Our method allows simple identification of microsatellite loci by identifying flanking regions in individuals of the same species. Based on the experimental results, we can observe changes in modified patterns in 10 isolates of the environmental samples (avian feathers), which suggests that the technique is highly specific and presents high variability. The method can also be used for a further variety of epidemiological studies as a tool for the detection of cross-contamination, determination of the source of infection, and recognition of outbreaks and virulent strains [4, 15, 22, 23, 54]. One of the most common causes of bacterial infections in humans is Escherichia coli.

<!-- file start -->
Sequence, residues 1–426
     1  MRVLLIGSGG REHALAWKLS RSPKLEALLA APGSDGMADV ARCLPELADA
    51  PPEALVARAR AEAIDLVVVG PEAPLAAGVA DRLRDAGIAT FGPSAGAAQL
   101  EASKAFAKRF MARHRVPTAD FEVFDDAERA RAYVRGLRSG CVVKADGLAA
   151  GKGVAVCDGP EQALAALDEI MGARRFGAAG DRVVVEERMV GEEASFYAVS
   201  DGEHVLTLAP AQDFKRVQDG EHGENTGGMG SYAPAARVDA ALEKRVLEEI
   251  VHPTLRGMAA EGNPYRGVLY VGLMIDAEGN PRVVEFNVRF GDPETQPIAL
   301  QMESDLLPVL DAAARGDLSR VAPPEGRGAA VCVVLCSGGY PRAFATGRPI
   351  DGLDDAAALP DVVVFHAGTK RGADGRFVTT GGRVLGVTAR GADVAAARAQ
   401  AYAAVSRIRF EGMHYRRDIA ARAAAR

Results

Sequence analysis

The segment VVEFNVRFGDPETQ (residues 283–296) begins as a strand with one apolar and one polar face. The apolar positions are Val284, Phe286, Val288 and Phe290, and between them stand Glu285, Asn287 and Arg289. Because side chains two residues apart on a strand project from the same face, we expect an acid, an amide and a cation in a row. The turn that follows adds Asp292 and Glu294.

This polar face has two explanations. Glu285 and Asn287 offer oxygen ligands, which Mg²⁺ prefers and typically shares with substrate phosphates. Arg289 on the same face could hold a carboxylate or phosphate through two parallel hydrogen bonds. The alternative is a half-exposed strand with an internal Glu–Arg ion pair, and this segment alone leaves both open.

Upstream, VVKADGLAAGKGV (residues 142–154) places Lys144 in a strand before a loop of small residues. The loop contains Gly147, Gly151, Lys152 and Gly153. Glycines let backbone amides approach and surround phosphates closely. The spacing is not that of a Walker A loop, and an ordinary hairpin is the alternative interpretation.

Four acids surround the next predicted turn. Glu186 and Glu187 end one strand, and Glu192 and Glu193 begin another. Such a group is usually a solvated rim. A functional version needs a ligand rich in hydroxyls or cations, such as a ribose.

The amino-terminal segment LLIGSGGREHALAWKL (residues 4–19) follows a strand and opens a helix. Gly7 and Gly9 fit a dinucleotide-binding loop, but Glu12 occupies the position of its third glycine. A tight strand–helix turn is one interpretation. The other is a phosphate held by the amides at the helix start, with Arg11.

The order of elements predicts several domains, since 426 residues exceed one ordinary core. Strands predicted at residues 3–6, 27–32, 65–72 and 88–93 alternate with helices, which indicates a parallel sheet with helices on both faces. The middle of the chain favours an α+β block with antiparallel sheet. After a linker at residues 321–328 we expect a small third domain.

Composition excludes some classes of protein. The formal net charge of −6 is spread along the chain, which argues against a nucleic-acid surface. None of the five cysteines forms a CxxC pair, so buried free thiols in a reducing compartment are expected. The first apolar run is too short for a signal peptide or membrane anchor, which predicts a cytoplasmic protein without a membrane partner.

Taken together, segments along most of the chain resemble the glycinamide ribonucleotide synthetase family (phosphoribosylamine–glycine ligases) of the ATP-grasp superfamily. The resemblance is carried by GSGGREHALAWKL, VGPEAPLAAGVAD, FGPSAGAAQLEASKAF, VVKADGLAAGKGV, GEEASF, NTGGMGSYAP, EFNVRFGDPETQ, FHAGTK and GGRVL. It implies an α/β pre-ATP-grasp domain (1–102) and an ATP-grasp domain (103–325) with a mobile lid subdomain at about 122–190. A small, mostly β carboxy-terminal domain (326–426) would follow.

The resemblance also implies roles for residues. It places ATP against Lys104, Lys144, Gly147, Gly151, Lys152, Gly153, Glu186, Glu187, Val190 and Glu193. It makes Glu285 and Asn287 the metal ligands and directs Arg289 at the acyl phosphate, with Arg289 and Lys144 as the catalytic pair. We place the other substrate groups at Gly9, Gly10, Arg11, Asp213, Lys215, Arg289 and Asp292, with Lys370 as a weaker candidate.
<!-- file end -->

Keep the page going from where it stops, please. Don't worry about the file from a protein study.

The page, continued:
Pathogenesis and sources of Escherichia coli infection are described by [23, 54]. In poultry as a result of E. coli infection, there is a great economic loss, so monitoring programs have been introduced to limit them. Understanding the mechanism of pathogenesis of Escherichia species, including the penetration of rods into the intestinal epithelium, has contributed to many experimental studies. Elimination of cases of morbidity of Escherichia of morbidity of Escherichia has become a common poultry vaccination against avian influenza caused by [23, 54]. Initially used vaccines were based on full bacterial cells (live strains). This leads to numerous side effects, allergies, or toxic symptoms and to the conversion of the vaccine strain to the wild strain. With the development of the study, the attention of the investigators was reversed on bacterial cell fragments that contained a specific antigen [23]. Examples of such antigens may be proteins in the cell membrane of bacteria and intracellular proteins such as heat-shock proteins (HSP). Heat-shock proteins (Hsps) are stress proteins, which are characteristic of prokaryotic and eukaryotic cells. They are rapidly synthesized in response to shock induced by exposure on internal and external factors, e.g., heavy metal ions, high or low temperature, gamma and beta radiation, or various infectious agents. They play a role as stabilizer of cellular structures. In bacteria are documented Hsp60 and Hsp70 documented are Hsp60 and Hsp70 [16, 52]. So far has been identified six protein families with molecular masses between 18 and 30 kDa, 40, 60, 70, 90, and 110 in Escherichia coli have been identified, but so far there are no direct data about hsp55 protein. It is the heat-shock proteins that pay particular attention not only to the great conservatism of the construction but also to their high immunogenicity. The ability to use heat-shock proteins in the immune response and their potentially protective role in relation to Gram-negative infections has been the inspiration for the research. The method of production of recombinant Hsp60 protein based on literature data was used [52]. In addition, the results of optimization studies on the production of recombinant Hsps have been confirmed by [52]. The pET21b vector was used in the cloning process, and the resulting construct was cloned into competent cells of E. coli BL21 or DH5α.